The Volokh Conspiracy

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Bankruptcy on the Sunrise Side of the Mountain

Justice Kavanaugh is very, very upset about the Sackler bankruptcy case.


I won't pretend to understand the intricate bankruptcy issues at play in Harrington v. Purdue Pharma L.P. What I can tell you is that Justice Kavanaugh is very, very upset. Apart from the nuances of the legal issue, Justice Kavanaugh repeatedly expresses sympathy and concern for those affected by the opioid crisis. Here are a few highlights:

Today's decision is wrong on the law and devastating formore than 100,000 opioid victims and their families.

To be sure, many Americans have deep hostility toward the Sacklers.

The opioid victims and their families are deprived of their hard-won relief. And the communities devastated by the opioid crisis are deprived of the funding needed to help prevent and treat opioid addiction. As a result of the Court's decision, each victim and creditor receives the essential equivalent of a lottery ticket for a possible future recovery for (at most) a few of them. And as the Bankruptcy Court explained, without the non-debtor releases, there is no good reason to believe that any of the victims or state or local governments will ever recover anything. I respectfully but emphatically dissent.

Opioid victims and other future victims of mass torts will suffer greatly in the wake of today's unfortunate and destabilizing decision. Only Congress can fix the chaos that will now ensue. The Court's decision will lead to too much harm for too many people for Congress to sit by idly without at least carefully studying the issue. I respectfully dissent.

I'm reminded of a common W. Bushism, which Justice Kavanaugh often repeats–we should be on the sunrise side of the mountain, not the sunset side.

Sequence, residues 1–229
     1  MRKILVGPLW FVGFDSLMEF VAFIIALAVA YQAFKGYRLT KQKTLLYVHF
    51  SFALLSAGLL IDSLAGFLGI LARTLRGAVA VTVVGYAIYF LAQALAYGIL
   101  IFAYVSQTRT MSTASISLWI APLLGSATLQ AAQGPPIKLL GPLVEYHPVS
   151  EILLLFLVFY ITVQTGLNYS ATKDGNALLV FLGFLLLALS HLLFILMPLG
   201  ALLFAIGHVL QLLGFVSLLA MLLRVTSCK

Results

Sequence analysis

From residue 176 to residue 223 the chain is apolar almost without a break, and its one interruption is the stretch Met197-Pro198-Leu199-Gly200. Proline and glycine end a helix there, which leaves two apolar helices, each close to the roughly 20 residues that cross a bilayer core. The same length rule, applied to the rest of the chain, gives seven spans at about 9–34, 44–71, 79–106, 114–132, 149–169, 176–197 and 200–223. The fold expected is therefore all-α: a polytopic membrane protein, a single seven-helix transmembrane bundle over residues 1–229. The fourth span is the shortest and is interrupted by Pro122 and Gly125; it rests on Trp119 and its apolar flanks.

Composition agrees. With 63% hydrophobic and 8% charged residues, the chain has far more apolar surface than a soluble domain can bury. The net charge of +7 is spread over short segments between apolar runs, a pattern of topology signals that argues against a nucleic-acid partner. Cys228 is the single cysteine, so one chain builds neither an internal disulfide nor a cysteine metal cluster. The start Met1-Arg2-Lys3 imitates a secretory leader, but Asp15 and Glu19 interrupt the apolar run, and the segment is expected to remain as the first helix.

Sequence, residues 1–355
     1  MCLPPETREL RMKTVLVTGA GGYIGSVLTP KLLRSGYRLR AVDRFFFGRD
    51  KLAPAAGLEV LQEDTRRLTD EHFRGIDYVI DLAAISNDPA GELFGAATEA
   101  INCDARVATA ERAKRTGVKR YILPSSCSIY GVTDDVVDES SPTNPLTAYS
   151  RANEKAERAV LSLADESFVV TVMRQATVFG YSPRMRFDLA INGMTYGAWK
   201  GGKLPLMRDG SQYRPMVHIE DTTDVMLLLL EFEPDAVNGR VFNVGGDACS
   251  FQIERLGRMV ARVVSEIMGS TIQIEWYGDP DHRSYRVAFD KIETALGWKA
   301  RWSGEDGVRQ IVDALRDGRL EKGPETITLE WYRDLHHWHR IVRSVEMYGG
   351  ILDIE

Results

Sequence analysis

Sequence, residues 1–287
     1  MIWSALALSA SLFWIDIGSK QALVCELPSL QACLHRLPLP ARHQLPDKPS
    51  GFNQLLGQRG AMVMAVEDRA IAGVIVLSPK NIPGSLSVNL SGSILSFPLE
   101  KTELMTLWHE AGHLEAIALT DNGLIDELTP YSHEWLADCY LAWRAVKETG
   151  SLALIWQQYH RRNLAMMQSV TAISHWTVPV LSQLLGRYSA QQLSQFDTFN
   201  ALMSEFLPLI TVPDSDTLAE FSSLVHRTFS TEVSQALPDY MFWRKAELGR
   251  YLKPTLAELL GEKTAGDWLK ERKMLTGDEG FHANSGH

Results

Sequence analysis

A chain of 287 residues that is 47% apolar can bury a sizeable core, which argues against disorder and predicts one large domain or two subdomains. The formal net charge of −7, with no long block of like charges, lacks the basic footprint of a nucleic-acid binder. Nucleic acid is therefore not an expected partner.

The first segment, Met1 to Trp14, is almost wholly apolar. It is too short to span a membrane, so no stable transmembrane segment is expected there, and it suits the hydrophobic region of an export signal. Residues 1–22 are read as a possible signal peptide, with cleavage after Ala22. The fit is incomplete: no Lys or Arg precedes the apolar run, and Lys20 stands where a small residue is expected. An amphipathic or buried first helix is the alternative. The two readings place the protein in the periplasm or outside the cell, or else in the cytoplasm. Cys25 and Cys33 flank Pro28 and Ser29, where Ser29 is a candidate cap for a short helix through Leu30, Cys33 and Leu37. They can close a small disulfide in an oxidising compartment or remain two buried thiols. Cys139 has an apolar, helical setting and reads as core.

For good measure, Kavanaugh includes several citations to an amicus brief from the Boy Scouts and the Conference of Catholic Bishops, who had their own bankruptcy issues. And he stresses how much bipartisan support is behind the arrangement:

Since then, even more victims and creditors have gotten on board. Now, all 50 States have signed on to the plan. The lineup before this Court is telling. On one side of the case: the tens of thousands of opioid victims and their families; more than 4,000 state, city, county, tribal, and local government entities; and more than 40,000 hospitals and healthcare organizations. They all urge the Court to uphold the plan.

Justice Kavanaugh also included a table of contents for his dissent, which was about twice as long as the majority opinion:

To map out this dissent for the reader: Part I (pages 5 to 18) discusses why non-debtor releases are often appropriate and essential, particularly in mass-tort bankruptcies. Part II (pages 18 to 31) explains why non-debtor releases were appropriate and essential in the Purdue bankruptcy. Part III (pages 31 to 52) engages the Court's contrary arguments and why I respectfully disagree with those arguments. Part IV (pages 52 to 54) sums up.

Not sure that I've seen anything like this before.

In an alternate universe, during the debate last night, a candidate would have referred to this decision as having an impact on the opioid crisis.